Directed by: Smeep Kang
Starring: Rishi Kapoor, Jimmy Sheirgill, Lillete Dubey, Sunny Singh, Omkar Kapoor, Manoj Joshi, Nimisha Mehta, Pujita Ponnada
Genre: Drama, Family, Comedy
Release date: 19 July 2019
Running Time: 133 Minutes
Two boys go to Mauritius to study and love it so much there, that they are reluctant to return home. Rishi plays Omkar’s dad who turns up from the village to surprise him and is in turn surprised by his son’s lifestyle.
Jhootha Kahin Ka is an upcoming Indian Hindi language comedy drama film directed by Smeep Kang, and produced by Deepak Mukut and Anuj Sharma under the banners of Soham Rockstar Entertainment and Shantketan Entertainments. The film starring Rishi Kapoor, Jimmy Sheirgill, Lillete Dubey, Sunny Singh, Omkar Kapoor, Manoj Joshi, Pujita Ponnada and Nimisha Mehta, follows the story of two boys (Omkar and Sunny), who go to Mauritius for higher studies, where they change their lifestyle so much that they do not want to go back home. It is scheduled for release on 19 July 2019.
Jhootha Kahin Ka Movie Trailer:
Jhootha Kahin Ka Movie Plot:
Jhootha Kahin Ka is a family entertainer about two boys who get trapped in their own web of lies and trouble with their families. The plot takes a comical turn, when one of the boy’s father turns up from the village to surprise him and is in-turn surprised by his son’s lifestyle leading it to a mad house comedy.
On 27 June 2019, makers of the movie revealed the first poster of the film on social media. The motion poster of the film was released on 29 June 2019. The film is shot in Punjab, Mauritius and Mumbai.
The official trailer of the film was released on 3 July 2019 by Zee Music Company.
The music of the film is composed by Yo Yo Honey Singh,Amjad Nadeem-Aamir, Rahul-Sanjeev-Ajay, Kashi Richard, Sidhant Madhav while lyrics are written by Sanjeev Chaturvedi and Amjad Nadeem.
Saturday Night | Sunny S, Omkar K, Natasha S | Neeraj S | Amjad Nadeem Aamir | Enbee
Funk Love – Teaser | Yo Yo Honey Singh & Sunny Leone | Sunny Singh & Omkar Kapoor
In director Smeep Kang’s comedy of errors starring Rishi Kapoor, Omkar Kapoor and Sunny Singh, the treatment and the performances somehow feel dirty.
In the 90s, David Dhawan made atrocious comedies about the most inappropriate subjects. For instance, if I remember correctly, Dhawan made three different films about a man having to juggle two wives, with fidelity being the gag — I say three, there may well have been more. Yet even this bawdy premise was rendered mostly innocuous thanks to preposterously un-salacious leading men like Govinda and gifted actors like Anil Kapoor, making the film play out like a tasteless joke. A tasteless but often funny joke.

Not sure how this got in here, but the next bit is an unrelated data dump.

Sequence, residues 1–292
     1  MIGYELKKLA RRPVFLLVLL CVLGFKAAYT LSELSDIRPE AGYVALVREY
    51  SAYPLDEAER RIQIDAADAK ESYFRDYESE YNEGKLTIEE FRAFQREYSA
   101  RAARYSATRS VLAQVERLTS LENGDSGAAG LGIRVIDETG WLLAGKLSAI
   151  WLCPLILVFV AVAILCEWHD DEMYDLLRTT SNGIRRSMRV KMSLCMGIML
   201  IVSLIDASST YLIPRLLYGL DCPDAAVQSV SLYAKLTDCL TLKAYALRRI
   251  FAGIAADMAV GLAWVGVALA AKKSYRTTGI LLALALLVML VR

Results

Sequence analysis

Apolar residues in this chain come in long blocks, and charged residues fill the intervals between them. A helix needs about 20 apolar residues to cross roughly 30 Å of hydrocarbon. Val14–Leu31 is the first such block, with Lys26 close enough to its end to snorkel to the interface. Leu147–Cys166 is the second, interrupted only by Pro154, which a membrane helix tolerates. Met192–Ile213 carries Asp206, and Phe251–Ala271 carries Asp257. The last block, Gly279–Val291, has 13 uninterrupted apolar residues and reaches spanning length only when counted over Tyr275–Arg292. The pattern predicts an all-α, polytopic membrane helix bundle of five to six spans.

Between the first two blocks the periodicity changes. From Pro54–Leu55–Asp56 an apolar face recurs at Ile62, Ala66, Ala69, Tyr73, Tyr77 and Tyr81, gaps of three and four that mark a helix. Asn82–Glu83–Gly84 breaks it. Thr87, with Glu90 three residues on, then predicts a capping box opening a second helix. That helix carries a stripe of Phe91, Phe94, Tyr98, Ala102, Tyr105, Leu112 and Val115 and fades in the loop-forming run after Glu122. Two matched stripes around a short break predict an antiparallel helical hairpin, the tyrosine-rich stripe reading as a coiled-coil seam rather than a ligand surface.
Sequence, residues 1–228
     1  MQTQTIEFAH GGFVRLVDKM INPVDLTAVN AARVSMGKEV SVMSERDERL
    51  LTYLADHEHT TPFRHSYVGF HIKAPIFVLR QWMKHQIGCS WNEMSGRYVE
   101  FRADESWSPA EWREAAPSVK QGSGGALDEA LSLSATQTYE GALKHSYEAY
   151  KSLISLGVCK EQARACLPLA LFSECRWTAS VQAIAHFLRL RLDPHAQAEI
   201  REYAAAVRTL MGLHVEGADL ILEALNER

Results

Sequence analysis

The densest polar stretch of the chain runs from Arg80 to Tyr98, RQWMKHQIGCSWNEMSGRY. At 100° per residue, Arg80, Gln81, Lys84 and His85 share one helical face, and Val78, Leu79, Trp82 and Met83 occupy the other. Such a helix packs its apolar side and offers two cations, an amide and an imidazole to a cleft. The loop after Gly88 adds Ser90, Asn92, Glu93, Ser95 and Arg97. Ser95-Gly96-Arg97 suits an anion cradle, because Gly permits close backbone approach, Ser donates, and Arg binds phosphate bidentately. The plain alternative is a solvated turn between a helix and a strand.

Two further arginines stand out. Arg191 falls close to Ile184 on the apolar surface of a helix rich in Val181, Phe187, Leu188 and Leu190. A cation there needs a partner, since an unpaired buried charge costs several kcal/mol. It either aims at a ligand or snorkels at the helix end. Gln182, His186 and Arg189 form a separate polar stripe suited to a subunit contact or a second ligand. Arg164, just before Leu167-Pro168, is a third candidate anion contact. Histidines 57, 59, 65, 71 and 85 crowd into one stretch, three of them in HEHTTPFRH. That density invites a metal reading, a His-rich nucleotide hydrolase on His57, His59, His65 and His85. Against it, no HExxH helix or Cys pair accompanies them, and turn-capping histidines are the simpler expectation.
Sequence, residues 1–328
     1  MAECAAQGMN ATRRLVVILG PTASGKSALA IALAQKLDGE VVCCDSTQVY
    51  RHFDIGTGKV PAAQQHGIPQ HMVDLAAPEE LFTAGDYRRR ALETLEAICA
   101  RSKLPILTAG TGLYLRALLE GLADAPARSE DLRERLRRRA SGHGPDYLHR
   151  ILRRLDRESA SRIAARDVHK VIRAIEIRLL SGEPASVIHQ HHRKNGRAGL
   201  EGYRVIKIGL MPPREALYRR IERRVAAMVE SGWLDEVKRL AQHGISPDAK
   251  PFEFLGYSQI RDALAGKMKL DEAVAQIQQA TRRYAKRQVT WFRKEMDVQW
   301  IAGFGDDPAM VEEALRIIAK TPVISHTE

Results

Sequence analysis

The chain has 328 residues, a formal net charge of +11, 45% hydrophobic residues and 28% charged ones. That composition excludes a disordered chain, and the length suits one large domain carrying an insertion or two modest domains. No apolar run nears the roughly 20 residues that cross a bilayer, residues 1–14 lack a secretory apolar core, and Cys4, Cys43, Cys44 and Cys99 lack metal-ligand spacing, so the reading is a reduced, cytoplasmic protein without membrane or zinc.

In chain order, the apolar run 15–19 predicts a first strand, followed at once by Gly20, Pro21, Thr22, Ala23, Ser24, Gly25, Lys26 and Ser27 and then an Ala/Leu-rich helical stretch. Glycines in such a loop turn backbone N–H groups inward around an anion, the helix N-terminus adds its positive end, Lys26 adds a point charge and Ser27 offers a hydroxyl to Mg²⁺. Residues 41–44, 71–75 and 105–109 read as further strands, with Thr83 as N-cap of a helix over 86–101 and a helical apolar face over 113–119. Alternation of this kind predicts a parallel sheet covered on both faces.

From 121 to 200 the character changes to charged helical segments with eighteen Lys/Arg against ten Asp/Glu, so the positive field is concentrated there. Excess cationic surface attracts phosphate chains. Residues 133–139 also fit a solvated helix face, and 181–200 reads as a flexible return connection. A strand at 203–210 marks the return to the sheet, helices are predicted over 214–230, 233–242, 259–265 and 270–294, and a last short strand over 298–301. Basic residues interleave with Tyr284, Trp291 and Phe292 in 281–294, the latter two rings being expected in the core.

Jhootha Kahin Ka, directed by Smeep Kang, is the opposite of those films. True to its title, the film is about several men basing their lives on abject lies, but while the subject matter — a comedy of convoluted errors — isn’t shameful, the treatment and the performances feel somehow dirty. When a man repeatedly snarls at his wife, accusing her of having affairs and declaring that his daughter can’t be his own, it shows a meanness of spirit that does not belong in comedy.
Equally out of place in a comedy are actors like Omkar Kapoor, ostensibly this film’s leading man — a young fellow given to far too much ham (who, ironically enough, was a child actor in some of those David Dhawan comedies). The film is about Kapoor’s character, Varun, lying to a girl, her parents and his father in order to get married under false pretences, while his friend, Karan (Sunny Singh) lies to a girl, her parents and his brother in order to get married under false pretences. The lies double up and while there could have been some hijinks in this situation of crossed-wires, the all-out chaos here involves lesser confusion for the characters than for the writers and, eventually, the few of us viewing this film.
Rishi Kapoor is wasted in a flat farce
Rishi Kapoor stars as Varun’s father, a retired policeman who lies about the amount of land he owns, and while the veteran appears to have visibly refused to read the bad-acting memo, he can’t do much with the numbskulls around him. Still, the actor pretends this is a real movie, conjuring up little moments like humming songs from Padosan sternly, as if scolding himself to remember the lyrics, with an eye on the house next door.
There are a few good performers — the always-entertaining Jimmy Sheirgill shows up in an orange kurta-pyjama meant to stand in for a prison jumpsuit, Lilette Dubey stays graceful in a thanklessly written role full of double entendres, and it’s grand to see Rakesh Bedi find some laughs — but the old guard doesn’t have enough room to save this show.
Singh plays Karan relatively straight, in refreshing contrast to Kapoor who rushes through too many expressions, but the boys are given vacuous heroines with no discernible personalities, and the film’s mounting chaos is never sufficiently clever, interesting or even twisted beyond predictability. This is a film in which a girl teaches French using oversized alarm clocks and pineapples, a film where a father sings a peppy song about the looseness of his son’s character, but, most of all, this is a film where nothing seems to matter.
Comedy, as those Dhawan farces underlined, requires consequence — or at least the appearance of consequence. Govinda would bend over backwards desperately spinning a web of convoluted lies because getting caught would ruin everything. These young men, meanwhile, full of a millennial all-will-be-well entitlement, pile on their lies with unthinking nonchalance, never bothered about where the lies will lead or a way out of them. As a result, there is never any tension, there are no stakes, and the only laughs are unscripted.
Call this a comedy? Now there’s a damned lie.